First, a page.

The recent decision to move Jonathan Papelbon back into the closer’s role will have a major impact both on fantasy and real baseball. There are arguments to be made for both sides, but on the surface, it appears to be very bad news for the Boston Red Sox and pretty good, not great, news for fantasy owners.
Papelbon wants to close. He says he feels most comfortable in that role and that he helps the team most when pitching in the ninth inning. While the former may be of importance, the latter is egregiously inaccurate. Having a player feel “comfortable” and ultimately most happy in his role needs to be taken into account. For years, Barry Bonds demanded he occupy the cleanup spot, despite the fact he would see 20-30 fewer at-bats over the course of a season and his high OBP played better earlier in the order. What Bonds wants, Bonds gets, and I agreed with the managerial decision to side with the slugger, whose contentment was ultimately more important. Happiness aside, the problem with this reasoning, however, is that when a player such as Papelbon thinks he’s “helping his team more,” he’s often misinformed and mistaken.
No matter how hard the media try to sway our opinion, the ninth inning isn’t any more important than the first inning. Or the third inning. While the pressure of the ninth means a specific type of personality on the mound may perform better, it still doesn’t change the fact that Papelbon throwing 200 innings is more valuable to the Red Sox than him throwing 70. Hey, I have an idea; don’t start David Ortiz this year. Just wait until the ninth inning, and then use him exclusively as a pinch-hitter. After all, he’s clutch! Those 162 at-bats compared to last year’s 558 would be a similar decline (71 percent) to Papelbon’s (65 percent) projected starter innings to relief innings (200 to 70).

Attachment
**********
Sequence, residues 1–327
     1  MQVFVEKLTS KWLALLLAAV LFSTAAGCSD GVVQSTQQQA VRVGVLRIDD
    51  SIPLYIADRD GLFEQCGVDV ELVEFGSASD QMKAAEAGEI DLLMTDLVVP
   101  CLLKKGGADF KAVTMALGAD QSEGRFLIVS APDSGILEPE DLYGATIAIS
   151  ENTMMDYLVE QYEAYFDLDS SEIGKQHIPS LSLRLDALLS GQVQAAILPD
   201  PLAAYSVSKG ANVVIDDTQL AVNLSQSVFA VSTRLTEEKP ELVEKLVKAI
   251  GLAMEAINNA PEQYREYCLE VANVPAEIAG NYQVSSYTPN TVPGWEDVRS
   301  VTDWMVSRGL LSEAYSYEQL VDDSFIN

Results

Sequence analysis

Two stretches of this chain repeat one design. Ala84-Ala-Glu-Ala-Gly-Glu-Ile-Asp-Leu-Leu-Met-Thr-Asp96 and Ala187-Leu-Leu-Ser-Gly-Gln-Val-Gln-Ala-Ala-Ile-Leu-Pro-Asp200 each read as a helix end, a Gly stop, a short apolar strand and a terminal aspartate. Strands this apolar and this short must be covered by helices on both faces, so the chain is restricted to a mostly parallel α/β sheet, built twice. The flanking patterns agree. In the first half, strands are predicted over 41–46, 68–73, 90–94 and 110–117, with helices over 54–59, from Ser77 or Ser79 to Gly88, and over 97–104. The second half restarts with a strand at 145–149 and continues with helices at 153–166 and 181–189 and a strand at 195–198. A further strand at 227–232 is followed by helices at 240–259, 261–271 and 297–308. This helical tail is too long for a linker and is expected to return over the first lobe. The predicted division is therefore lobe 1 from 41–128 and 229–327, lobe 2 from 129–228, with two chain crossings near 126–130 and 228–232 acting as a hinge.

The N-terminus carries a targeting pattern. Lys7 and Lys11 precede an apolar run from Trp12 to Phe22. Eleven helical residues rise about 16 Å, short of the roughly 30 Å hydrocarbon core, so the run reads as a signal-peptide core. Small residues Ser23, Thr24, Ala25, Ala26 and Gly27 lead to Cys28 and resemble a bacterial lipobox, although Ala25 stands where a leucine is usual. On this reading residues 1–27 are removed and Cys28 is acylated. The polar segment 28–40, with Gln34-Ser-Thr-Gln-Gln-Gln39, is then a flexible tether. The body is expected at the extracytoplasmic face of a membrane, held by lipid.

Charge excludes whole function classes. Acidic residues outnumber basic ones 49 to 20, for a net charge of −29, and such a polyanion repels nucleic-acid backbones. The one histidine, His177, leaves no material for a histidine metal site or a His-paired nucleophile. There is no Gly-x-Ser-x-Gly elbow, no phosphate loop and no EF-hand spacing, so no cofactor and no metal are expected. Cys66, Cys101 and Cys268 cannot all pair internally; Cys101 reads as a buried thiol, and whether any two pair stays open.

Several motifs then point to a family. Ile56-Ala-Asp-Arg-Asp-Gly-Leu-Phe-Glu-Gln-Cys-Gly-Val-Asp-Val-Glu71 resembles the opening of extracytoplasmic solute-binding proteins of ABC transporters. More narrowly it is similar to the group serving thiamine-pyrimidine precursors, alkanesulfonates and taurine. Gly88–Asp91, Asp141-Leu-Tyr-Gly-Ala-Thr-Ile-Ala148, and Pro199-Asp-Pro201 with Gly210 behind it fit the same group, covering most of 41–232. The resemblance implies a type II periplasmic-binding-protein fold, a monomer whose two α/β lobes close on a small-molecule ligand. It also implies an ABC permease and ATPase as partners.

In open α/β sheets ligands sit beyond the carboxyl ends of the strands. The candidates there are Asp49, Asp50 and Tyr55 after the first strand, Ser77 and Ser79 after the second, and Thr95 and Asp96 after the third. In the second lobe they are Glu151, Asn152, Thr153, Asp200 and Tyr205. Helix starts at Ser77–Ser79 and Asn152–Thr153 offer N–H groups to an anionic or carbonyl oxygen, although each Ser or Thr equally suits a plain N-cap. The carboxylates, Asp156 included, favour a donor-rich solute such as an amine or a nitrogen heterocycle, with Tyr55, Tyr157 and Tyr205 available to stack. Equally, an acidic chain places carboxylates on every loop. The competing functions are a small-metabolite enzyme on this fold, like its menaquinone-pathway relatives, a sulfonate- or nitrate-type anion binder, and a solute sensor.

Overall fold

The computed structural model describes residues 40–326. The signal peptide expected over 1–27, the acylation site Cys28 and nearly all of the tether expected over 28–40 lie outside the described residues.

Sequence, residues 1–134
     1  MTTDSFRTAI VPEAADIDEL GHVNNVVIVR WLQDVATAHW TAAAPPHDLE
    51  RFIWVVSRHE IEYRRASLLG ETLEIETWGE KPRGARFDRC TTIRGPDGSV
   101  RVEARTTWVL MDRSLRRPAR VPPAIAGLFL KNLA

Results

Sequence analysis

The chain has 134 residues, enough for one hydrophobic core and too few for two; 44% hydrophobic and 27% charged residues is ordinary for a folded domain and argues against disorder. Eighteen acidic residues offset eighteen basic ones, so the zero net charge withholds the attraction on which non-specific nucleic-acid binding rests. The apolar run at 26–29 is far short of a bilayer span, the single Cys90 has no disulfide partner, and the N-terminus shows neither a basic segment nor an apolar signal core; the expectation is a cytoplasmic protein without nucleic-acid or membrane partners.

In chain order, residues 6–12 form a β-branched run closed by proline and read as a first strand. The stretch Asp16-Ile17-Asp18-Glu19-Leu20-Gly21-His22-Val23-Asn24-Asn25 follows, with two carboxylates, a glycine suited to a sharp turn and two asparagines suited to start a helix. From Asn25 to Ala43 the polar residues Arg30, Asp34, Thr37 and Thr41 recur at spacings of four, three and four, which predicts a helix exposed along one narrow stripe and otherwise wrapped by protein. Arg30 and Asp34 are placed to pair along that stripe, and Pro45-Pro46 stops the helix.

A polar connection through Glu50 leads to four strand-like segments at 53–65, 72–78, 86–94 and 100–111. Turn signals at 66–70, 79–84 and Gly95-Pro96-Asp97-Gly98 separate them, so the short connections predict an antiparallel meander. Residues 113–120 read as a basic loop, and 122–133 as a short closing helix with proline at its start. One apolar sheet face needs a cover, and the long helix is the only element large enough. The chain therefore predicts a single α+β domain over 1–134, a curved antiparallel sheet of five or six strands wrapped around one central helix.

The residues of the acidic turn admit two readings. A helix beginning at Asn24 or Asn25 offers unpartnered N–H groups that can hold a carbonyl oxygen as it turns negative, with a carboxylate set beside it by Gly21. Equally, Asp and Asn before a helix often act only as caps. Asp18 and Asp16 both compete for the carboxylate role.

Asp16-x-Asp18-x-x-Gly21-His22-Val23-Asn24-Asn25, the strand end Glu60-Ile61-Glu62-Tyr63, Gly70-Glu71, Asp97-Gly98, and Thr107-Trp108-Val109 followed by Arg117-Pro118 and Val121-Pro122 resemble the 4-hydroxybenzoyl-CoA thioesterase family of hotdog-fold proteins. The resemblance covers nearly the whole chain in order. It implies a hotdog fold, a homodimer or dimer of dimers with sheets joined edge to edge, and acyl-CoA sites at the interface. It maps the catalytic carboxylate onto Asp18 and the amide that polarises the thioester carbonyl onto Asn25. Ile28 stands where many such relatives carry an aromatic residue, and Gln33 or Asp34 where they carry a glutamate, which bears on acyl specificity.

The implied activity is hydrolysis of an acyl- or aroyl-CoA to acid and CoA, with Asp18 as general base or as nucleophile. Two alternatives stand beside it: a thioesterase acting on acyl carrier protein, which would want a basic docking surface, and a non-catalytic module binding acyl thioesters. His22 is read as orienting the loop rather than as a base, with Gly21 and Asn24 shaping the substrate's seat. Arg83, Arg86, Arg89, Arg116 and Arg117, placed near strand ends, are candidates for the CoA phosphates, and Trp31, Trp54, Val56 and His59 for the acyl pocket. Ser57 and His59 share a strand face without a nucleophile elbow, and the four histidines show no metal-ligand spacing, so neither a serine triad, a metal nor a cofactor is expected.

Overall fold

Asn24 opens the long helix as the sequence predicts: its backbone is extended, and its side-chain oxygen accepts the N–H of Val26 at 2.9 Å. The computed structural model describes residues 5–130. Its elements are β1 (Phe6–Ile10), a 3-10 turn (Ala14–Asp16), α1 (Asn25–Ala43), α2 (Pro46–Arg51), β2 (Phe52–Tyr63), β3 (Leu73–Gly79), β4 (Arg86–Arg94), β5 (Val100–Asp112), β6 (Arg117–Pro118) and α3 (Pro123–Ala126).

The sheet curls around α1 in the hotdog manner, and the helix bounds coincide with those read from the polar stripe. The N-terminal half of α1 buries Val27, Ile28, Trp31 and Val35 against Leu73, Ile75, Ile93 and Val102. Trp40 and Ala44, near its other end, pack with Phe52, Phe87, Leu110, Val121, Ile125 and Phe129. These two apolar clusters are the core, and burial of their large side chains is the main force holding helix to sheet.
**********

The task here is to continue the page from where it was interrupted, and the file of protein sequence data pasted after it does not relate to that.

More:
What about those projected innings you ask? Well, maybe the biggest factor of all here, is Papelbon’s health. Benefits of pitching in the pen or the rotation are fairly specific to the individual. While Kerry Wood struggles nowadays when he reaches the 50-60 pitch count, and he’ll have a better chance of staying healthy in the pen, John Smoltz swears the bullpen nearly ruined his arm, and the rotation is much more conducive to his overall health. Papelbon came up through the minors as a starter, and the main reason Boston wanted to move him into the rotation in the first place was because the team’s medical staff recommended it. Regular rest and a routine was best for his already tenuous shoulder and long-term health. If this decision was made because Boston was uncomfortable with their alternate closing options (despite the fact Joel Pineiro has been lights out of late), it’s truly ridiculous.
As far as fantasy is concerned, his value probably increases, as the “saves” category actually matters unlike in the real sport. However, you’ll lose 80-110 strikeouts, around 10-12 wins, and an ERA/WHIP of 3.50/1.25 in 200 innings is at least as valuable as an ERA/WHIP of 2.50/1.10 in 70 innings. Still, at minimum, his perceived fantasy value will probably shoot through the roof, so if you drafted him wanting the starter stats, I’d recommend you shop him immediately. Ultimately, the fantasy ramifications will come down to whether this decision benefits or damages his ability to stay healthy.
In my opinion, the Red Sox just relinquished their title as World Series favorites over to the Yankees.